Publisher synopsis: When the red moon rises over the heart of the Okefenokee swamp, legend says that the mysterious golden gator Munch will grant good luck to the poor soul foolish enough to face him.

But in 1817, when TWO fools reach him at the same time, the night’s fate is split. With disastrous consequences for both . . . and their descendants. Half of the descendants have great fates, and the other half have terrible ones.

Now, Tumble Wilson and Blue Montgomery are determined to fix their ancestors’ mistakes and banish the bad luck that’s followed them around for all of their lives. They’re going to face Munch the gator themselves, and they’re going to reclaim their destinies.
But what if the legend of Munch is nothing but a legend, after all?

When I first read the synopsis, I thought of another book I enjoyed, A Snicker of Magic by Natalie Lloyd. Then, went on to read that Tumble & Blue would appeal to fans of...? You guessed it, A Snicker of Magic. <Pats self on back.>

Tuesday, January 24, 2017

Top Ten Tuesday - Freebie

The TTT theme over at Broke and Bookish is a freebie. Since I just returned from ALA Midwinter and the Youth Media Awards announcements, I will highlight ten of the many promising arcs I shipped back from the conference. Because this post is so last-minute, I will not be posting summaries. Sorry. I have to catch up at work and can't access Broke and Bookish at work.


One Last Word: Wisdom from the Harlem Renaissance by Nikki Grimes. Due January 31.


The Inexplicable Logic of My Life by Benjamin Alire Saenz. Due out March 7.


Carve the Mark by Veronica Roth. When I saw the stacks at the booth, I thought the publisher must be selling them for an author signing but they were free! Her many fans at my school will be rabid for this.


Kill All Happies by Rachel Cohn. Due May 2.


The Unbeatable Squirrel Girl Meets the Word by Shannon Hale and Dean Hale. Due February 7.


The Pearl Thief by Elizabeth Wein. Due on May 7.


Restart by Gordon Korman. Due on May 30.


The Lotterys Plus One by Emma Donahue. Due on March 28.


Starcrossed by Barbara Dee. Due on March 14.

No Cover Online

Saturdays with Hitchcock by Ellen Wittlinger. Due out October 10.



Monday, January 23, 2017

ALAMW17 - Day 3 - Notable Books Discussion

I always love sitting in on Notable Books discussions. They show slides featuring the covers of the books under discussion and speak into mics so that their thoughtful appraisal of each book can be heard. Unlike the BFYA list, I have read or own most of the non-picture book titles in my library. We own a fair number of the picture book titles because #nevertoooldforpicturebooks.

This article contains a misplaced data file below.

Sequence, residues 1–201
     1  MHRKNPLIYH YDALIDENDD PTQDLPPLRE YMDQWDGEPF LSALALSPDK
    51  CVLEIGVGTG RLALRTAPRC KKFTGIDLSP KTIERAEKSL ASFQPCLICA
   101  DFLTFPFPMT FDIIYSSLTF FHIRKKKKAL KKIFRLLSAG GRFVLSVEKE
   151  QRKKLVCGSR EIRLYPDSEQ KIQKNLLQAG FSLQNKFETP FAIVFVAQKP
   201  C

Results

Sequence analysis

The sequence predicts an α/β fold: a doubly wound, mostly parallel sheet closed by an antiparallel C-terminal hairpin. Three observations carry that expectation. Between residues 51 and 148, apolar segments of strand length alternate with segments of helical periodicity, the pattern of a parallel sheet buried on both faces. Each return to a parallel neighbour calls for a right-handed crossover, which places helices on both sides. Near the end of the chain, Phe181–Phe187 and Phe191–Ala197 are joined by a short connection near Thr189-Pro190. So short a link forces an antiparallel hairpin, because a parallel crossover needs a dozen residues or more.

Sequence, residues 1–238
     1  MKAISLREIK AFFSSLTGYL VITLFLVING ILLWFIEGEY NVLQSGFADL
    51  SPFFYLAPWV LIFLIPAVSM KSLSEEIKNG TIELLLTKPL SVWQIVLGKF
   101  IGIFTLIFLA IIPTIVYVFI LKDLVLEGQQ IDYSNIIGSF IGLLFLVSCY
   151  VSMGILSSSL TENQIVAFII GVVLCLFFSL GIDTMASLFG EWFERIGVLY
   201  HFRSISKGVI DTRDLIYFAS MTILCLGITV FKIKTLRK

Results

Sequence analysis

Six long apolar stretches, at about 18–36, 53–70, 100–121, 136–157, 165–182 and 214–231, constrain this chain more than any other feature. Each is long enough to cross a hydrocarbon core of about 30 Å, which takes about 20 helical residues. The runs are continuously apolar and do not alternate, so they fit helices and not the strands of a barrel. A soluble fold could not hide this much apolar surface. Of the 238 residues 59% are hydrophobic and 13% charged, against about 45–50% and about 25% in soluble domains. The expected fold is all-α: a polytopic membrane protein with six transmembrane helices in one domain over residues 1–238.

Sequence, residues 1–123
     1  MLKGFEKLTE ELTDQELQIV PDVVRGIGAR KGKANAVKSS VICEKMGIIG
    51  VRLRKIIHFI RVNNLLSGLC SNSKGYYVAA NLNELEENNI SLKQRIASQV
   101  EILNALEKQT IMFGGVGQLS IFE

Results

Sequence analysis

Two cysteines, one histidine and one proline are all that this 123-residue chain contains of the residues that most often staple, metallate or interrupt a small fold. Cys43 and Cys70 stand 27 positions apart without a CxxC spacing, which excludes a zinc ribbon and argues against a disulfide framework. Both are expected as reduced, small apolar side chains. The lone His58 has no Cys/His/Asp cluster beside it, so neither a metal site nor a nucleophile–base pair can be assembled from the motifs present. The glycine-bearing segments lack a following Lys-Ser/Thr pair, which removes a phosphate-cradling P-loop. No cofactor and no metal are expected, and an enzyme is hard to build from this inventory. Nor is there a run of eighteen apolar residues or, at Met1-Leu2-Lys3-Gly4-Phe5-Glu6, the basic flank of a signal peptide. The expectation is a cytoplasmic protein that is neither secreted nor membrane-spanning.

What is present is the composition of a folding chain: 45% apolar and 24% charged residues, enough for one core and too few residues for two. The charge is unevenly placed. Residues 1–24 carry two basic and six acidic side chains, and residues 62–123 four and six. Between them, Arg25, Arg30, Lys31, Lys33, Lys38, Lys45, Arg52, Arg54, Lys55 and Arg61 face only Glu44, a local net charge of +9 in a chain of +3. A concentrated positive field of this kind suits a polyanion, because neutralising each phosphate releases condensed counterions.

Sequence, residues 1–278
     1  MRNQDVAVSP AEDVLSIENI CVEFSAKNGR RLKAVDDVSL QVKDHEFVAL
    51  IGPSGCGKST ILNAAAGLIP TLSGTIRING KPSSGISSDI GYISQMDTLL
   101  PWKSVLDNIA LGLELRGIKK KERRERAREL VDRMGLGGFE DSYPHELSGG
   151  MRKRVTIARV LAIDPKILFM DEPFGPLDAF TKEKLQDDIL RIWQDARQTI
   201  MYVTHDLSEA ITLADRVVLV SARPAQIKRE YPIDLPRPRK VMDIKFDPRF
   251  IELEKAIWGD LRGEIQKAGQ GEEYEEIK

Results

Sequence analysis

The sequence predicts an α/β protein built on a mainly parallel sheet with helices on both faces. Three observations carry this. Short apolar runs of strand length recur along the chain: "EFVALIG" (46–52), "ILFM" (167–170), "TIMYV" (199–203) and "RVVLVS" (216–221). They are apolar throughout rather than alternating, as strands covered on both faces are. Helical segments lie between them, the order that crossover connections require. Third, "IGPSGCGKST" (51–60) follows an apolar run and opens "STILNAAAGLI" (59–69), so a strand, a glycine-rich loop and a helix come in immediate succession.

These books are supposed to be featuring 60 of the "best of the best," so the committee can sometimes sound a bit nit-picky. In some ways, I like the work of this committee over single award committees because more than one brilliant work can be spotlit. Spotlighted? 

This committee works past the announcements of the YMA since they incorporate the winners into their list. If it's already a title under consideration, great. If not, room is made for surprises.

I regret not having the time to trot up the hill and down the hill to the Hilton to sit in on Notable Recordings. 

Non-Fiction Monday: Under Earth, Under Water by Aleksandra Mizielinkska and Daniel Mizielinski


Under Earth, Under Water by Aleksandra Mizielinkska and Daniel Mizielinski. 112 p. Candlewick Press, October, 2016. 9780763689223. (Review from copy borrowed from library.)

Unlike in an earlier review where I had forgotten how I found out about a book, I do remember where I learned of this gem - it was chosen as an NSTA outstanding book. Yeah. I totally missed the starred review in SLJ. Sigh. Yeah, I must up my game. I used to be so good at this!

Okay, so this oversized volume will be very difficult to shelve. The good news is that you might not have to, much. It is sure to be a favorite. Just leave it out for students to discover and pore over.

When I shared this with my students in "Period Kahn," I made a big show of asking them where the front of the book was and how I should open it. They were intrigued and talked about how most books stand vertically but this one's words were horizontal but on both sides. Hm. I have one student (bound to be a librarian) who is obsessed with copyright dates. He spied the ISBN code on the Under Water side and decided we should start on the Under Earth side. And that makes sense.

The authors take the reader on a layer-by-layer tour of the depths of the earth and water and it is fascinating! This is not a read aloud. This is not a book you will get through in one sitting. It is a book you will pore over and return to again and again. It is a book I thought about as I took this rather long escalator, nearly vertical, ride up from the MARTA stop in Atlanta on Friday. There is an impressive spread of subway depths around the world.

Impressive is the operating word here. Text boxes are arrayed across the horizontal double-page spreads and they all stun. Prepare to spend some time on each spread. Indeed, earth science teachers could use them to introduce units. There is a ton of information both textually and visually on each. 

The out-side-the-box Table of Contents will even shake things up. I'm not sure of its use for extensive research, say for a report about a particular area of earth science, but this book is sure to get kids excited about earth science and perhaps spark an idea for that research project.

Click on this link to a trailer for a nice overview of the layout and you'll see that you need to buy this for your kids.




Sunday, January 22, 2017

Arc Review: The Wizard's Dog by Eric Kahn Gale